Presentations

What sorcery is this? How Software uses Dark Patterns to Manipulate Users
You’ve signed up for that streaming service, but now you can’t unsubscribe. You put a single item in your basket, and somehow there are now also two warranties in there. Boxes of vitamin supplements are piling up every month like a subscription, but you are absolutely sure you only bought one bottle! In your living room is a big pile of stuff that you bought online, that you didn’t intend to. And you feel bad about it because now you’re way over budget! If you’ve had something like this happen then you may have experienced a dark pattern – something software does to trick you into taking an action you wouldn’t have otherwise taken. In this talk, you’ll learn how to spot and avoid dark patterns when using or creating software. You’ll also get pointers about talking to management about the impacts of dark patterns. And of course, a look at a few physical-world examples of dark patterns too.

Use principles of psychology to build better software
We make software for humans. So we must understand how humans work to design the best software possible. We don’t need to be psychologists or anthropologists, but we do need to know a few things about what makes users do what they do when it comes to software. So come to this session, where you’ll learn how to apply critical thinking to developing software solutions and designing digital products. You’ll learn about what makes users behave in certain ways and how you can design software with those behaviors and biases in mind. With this knowledge you can provide the best possible experience while you meet your goals. Bonus: It’s not just the users’ behaviors and biases we need be concerned with. You’ll learn how those same behaviors and biases can affect the productivity and functioning of your team – from communications to meetings to code. And how to properly mitigate them.

Building a software platform for a product line
One of the least-known engineering practices in the software development industry outside of embedded systems is software product line engineering. That’s because many companies create multiple, disparate products that result in overly-complex management, more bugs, and more difficult maintenance, when instead they could have created a platform (product line) for their software products. Creating a product line results in an architecture where code is more reusable than with any other architecture. It’s the ultimate way to reuse code.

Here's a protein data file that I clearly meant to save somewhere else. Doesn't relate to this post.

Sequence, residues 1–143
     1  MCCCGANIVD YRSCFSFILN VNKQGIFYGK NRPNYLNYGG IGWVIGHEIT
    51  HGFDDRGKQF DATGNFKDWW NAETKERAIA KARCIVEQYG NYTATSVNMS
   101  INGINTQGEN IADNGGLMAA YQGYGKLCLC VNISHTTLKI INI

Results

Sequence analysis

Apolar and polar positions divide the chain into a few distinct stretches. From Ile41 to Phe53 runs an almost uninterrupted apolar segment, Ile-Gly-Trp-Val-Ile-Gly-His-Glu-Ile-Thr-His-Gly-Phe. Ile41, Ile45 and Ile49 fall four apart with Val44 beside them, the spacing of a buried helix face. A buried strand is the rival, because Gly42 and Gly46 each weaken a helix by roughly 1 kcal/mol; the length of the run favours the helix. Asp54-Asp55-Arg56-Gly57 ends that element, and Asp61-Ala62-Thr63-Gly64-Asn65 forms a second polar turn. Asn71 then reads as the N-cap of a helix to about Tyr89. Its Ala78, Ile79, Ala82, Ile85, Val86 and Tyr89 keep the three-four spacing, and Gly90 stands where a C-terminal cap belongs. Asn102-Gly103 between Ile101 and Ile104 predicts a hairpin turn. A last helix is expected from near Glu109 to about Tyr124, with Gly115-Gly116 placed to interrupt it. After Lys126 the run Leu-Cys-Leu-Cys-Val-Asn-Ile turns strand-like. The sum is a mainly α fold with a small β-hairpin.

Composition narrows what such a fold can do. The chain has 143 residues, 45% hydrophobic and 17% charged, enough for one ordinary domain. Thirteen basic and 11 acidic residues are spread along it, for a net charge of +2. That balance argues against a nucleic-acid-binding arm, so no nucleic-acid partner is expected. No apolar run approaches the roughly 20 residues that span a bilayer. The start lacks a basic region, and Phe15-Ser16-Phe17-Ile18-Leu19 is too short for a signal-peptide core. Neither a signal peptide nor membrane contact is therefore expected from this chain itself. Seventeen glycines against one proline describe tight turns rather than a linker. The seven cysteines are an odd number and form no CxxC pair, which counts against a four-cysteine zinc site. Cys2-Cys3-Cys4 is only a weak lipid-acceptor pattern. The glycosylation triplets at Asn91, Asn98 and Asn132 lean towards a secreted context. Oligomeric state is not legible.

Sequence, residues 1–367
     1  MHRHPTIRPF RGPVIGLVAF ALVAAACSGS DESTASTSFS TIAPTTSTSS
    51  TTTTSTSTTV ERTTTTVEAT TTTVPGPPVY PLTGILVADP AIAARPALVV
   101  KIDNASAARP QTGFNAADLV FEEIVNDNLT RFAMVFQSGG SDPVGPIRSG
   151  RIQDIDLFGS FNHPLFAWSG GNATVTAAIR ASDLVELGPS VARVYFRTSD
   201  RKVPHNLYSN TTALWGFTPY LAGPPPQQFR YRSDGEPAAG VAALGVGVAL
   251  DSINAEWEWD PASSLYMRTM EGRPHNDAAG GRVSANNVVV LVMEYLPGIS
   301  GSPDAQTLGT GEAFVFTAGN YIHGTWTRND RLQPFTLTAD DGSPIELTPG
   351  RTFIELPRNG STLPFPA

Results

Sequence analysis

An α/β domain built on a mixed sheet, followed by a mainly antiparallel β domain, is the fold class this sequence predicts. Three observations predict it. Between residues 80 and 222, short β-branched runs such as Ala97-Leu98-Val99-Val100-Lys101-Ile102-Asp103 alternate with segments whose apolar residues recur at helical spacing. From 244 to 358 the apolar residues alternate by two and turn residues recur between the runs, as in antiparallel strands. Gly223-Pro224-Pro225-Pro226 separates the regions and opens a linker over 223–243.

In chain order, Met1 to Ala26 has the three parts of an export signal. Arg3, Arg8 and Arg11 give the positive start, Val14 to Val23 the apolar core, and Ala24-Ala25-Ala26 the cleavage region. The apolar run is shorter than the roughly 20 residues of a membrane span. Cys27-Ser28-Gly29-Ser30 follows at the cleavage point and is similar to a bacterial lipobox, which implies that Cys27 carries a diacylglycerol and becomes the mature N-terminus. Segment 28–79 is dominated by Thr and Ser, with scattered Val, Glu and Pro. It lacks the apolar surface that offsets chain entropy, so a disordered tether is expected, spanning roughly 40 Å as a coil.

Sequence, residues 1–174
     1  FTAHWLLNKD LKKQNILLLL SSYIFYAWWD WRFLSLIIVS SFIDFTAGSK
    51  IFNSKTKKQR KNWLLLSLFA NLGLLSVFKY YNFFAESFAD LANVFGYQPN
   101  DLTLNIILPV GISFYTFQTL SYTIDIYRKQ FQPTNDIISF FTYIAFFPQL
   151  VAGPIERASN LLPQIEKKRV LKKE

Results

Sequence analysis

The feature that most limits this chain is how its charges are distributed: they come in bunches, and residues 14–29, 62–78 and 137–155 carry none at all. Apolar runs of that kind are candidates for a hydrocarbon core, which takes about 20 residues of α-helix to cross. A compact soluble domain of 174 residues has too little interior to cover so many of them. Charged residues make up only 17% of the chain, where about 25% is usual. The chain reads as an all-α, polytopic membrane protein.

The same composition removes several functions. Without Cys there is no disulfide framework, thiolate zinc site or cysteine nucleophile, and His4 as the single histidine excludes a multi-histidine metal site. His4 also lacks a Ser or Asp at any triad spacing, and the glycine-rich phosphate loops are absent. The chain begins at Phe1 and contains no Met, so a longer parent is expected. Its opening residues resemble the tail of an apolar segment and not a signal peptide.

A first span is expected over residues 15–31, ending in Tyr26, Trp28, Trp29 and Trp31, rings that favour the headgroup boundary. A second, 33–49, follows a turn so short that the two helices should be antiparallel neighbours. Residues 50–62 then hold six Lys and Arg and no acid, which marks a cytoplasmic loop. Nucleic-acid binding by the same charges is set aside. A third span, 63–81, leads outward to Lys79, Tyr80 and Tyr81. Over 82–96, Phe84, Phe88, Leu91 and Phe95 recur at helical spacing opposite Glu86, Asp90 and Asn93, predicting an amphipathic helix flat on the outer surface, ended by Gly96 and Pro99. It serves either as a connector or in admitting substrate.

A lot of software can benefit from being in a software product line. The benefits result in faster time to market, lower maintenance, fewer bugs, and makes inherit complexity more manageable. In this talk, you’ll learn how to architect and build a product platform by examining the JetBrains Platform SDK as well as some other industry notable product lines.

The inmates are running the asylum
Did you ever want to know what it’s like to work for a circus? This talk is full of true tales of absolutely batshit crazy things that go on behind the scenes in software projects, including at some of the world’s notable companies.

Whether it’s ruining all integrity of a database, or apps that can’t even handle the load of 5 users concurrently though it promised thousands, every day these kind of spectacular trainwrecks happen. The language doesn’t matter, nor does the vendor or technology. Project failures happen in C# and C++, SQL and MongoDb, JavaScript and Java, and everywhere in between.

This session is a humorous look at some best of the worst examples of what not to do when building software. witnessed by the speaker’s 30+ years of experience building software

Build that Blazor App!
Blazor is the newest, hottest web development technology from Microsoft. Since it’s in the ASP.NET family, the good news is that you can leverage your existing skills to quickly apply to Blazor development. Blazor also attempts to create an environment in which you can write more C# and less JavaScript, which appeals to .NET developers. In this session, you’ll walk through building a Blazor app from start to finish. We’ll cover all the necessities: Blazor components, communications, calling APIs, new syntaxes, and all the other good stuff that Blazor has.

Build better software by building accessible software.
Accessible design and programming benefits everyone, not just those with accessible needs. Adding accessibility features into your software opens your software by a 20% increase in market reach (and growing), while making the experience better for everyone. Yet all too often, popular websites and apps fail to design for accessibility.

In this session, you’ll learn how to prepare content, design, and program for accessibility with an accessibility-first mindset. We’ll look at techniques for building software that provides a first class experience for people with visual, auditory, motor, cognitive and other accessibility needs. It doesn’t matter if it’s business apps, games, websites or personal apps, if you want better software, attend this session and learn how to make it accessible

Around the world in a session: Globalizing and localizing software
We live in a global economy, as the internet allows you to reach customers everywhere. Creating localized websites for global audiences targeting different cultures and (human) languages will allow your software to reach a wider audience. In this session, you’ll learn the key facets of building global-reaching software such as how to deal with calendars, dates, times, and time zones as well as number and symbol representation (decimals, currency, dates).